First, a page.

Thursday, 16 October 2014

Ironman Langkawi

Thank you all for your kind words of encouragement to get this blog up and running again! Didn’t know there was much response here and have left it in a lingo for a while. My bad!

Lets get started shall we? J_

Langkawi has always been this mystical place to do a ironman to me. For one, it is ranked as the 2nd hardest Ironman race in the world (based on the average finisher timing). Second, I have trained on the soil before and have a understanding of what awaits on the bike course.

Ewin, Alan and myself touchdown on Wednesday. Alan and myself stayed at De Baron Hotel. It is exactly 20m away from the transition area, which will make my pre-race ritual and pilgrimage all so much more convenient.

It is always nice and comforting to be at a race with many fellow friends and familiar faces. It made my lead-up to the race so much more relax and never a day passed with all the friendly banter and joke cracked at every corner of the island. The folks from SeaMonsta and SBR were a great and fun bunch to hang around with!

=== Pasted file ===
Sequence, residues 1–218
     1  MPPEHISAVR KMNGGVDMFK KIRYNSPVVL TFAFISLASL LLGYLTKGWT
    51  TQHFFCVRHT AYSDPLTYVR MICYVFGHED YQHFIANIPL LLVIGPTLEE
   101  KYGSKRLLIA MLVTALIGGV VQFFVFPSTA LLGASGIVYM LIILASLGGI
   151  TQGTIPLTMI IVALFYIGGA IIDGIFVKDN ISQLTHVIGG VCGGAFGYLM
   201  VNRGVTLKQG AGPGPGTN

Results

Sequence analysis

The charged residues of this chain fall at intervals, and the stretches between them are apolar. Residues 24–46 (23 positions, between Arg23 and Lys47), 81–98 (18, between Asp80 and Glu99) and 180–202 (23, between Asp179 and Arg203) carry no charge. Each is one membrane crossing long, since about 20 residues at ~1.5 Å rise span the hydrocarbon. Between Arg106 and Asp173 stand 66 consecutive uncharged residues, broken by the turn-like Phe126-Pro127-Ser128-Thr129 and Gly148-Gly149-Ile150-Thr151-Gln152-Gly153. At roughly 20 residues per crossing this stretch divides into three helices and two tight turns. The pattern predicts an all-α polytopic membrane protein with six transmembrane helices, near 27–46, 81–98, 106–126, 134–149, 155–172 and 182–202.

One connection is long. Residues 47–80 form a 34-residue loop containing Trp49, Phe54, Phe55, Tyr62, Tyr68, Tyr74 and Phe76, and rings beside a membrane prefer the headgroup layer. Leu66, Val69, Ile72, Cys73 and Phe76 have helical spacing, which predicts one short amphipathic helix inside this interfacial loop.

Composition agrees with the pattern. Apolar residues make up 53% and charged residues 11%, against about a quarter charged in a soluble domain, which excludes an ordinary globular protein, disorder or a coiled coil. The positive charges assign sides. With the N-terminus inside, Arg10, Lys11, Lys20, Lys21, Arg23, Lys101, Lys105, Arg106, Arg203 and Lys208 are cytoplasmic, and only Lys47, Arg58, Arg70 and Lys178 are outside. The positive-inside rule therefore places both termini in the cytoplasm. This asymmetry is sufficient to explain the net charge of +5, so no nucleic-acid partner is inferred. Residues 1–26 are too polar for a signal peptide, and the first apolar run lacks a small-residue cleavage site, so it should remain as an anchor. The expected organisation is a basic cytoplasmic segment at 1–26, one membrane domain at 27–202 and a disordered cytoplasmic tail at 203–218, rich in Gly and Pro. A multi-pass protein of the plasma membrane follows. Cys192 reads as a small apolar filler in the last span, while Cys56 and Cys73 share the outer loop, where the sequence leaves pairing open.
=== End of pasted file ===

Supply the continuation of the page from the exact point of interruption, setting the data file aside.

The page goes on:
I my personal ‘soigneur’ took leave during my race week from his busy schedule so that he can ensure that everything for me is well taken care off.  He built up both our bikes within an hour so that we can go out for test ride first thing in the morning!
By the time we were all settled down and was nearing the evening, we went to collect our rented motorbike to do a motor tour of the bike course.
With Alan’s past experience racing bicycles, we marked out areas and segment where there may be potential elements that might be key to my performance on race day. This is critical on a bike leg of a ironman as that will be where you will spending the most hour on and in order to limit that duration spent, everything must be well calculated and anticipated for.  From the gearings to be used, line to pick and power meter readings, these are all important aspect of racing as too much or too little you give could cost you in the final run leg of an ironman.

Race day.

Transition check-in at 0600hrs.
This must have been the fastest I have ever done my bike set-up. 15 mins in total was all it took for me to get everything race ready. I decided to head back to the hotel for another quick 30mins snooze since it was just a short walk away as transition closed at 6.30 and race starts at 7.15.